The credit crunch may leave the banking industry with a bigger challenge than the current imperative of staying solvent. A mutual distrust is building up between banks and its three biggest categories of borrowers: homeowners, real estate developers, and consumers. The animosity between commercial real estate developers and banks has come out in an unprecedented wave of lawsuits in both directions. Unfortunately, in dozens of instances already, it has been both the developer and the bank that end up in bankruptcy.
The statistics show consumers and banks distancing themselves from each other to a degree that was hard to imagine just a year ago. Total U.S. consumer credit has fallen for probably 14 straight months, after basically never declining before. You can also see a shift at the grass roots level, where the Move Your Money campaign has caught on in a big way, defying the skeptics.
It has long been assumed that everyone needs to buy a house, but the scale of home mortgages could change drastically with a change in home buyer attitudes. A person who postpones buying a home for 7 years may be able to cut the size of the mortgage in half. They would end up paying only one fifth as much in interest to the banks. The book The 4-Hour Workweek became a bestseller in part by telling people innovative ways to avoid the burden of home ownership. Banks, for their part, have made it harder than ever for home buyers to apply for mortgages.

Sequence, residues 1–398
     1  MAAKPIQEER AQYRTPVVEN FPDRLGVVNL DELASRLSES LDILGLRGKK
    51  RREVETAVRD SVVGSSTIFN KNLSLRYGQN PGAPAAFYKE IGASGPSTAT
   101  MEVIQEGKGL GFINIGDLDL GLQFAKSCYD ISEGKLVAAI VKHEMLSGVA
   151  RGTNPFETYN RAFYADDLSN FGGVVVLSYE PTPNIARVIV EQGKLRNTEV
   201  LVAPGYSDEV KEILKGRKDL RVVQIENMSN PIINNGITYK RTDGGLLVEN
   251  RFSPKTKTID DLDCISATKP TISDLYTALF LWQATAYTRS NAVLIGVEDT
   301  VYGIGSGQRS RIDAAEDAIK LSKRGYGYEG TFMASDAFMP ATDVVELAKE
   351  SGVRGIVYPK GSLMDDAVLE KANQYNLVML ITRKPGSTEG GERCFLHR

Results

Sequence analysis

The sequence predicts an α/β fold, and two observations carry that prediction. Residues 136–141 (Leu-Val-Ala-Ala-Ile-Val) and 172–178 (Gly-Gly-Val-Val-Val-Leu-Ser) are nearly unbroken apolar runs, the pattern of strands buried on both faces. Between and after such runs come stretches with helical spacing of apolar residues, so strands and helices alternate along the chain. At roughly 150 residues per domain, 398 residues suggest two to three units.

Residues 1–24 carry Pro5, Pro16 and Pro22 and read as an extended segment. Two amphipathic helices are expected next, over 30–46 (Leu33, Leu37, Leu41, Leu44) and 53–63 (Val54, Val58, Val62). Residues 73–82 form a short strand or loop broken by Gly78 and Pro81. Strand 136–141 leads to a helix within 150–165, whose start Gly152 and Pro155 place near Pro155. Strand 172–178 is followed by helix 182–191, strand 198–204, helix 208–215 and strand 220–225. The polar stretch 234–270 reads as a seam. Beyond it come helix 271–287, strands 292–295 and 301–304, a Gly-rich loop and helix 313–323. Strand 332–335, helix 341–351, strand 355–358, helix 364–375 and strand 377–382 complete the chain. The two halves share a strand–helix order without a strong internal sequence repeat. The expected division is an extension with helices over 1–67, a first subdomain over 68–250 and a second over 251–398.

The same pattern is playing out in smaller categories too: small business lending continues to fall month by month, student loans are no longer seen as “smart,” auto loans are part of the reason auto sales are down.
While banks’ view of borrowers could change as soon as the next spreadsheet, borrowers’ new view of banks is further solidified with each week’s headlines and probably can’t be changed without some proof that banks have changed. But not many banks seem interested in making the changes that customers are looking for. Maybe this situation could be resolved by making customers lower their expectations. Or, maybe it will give rise to a new kind of bank.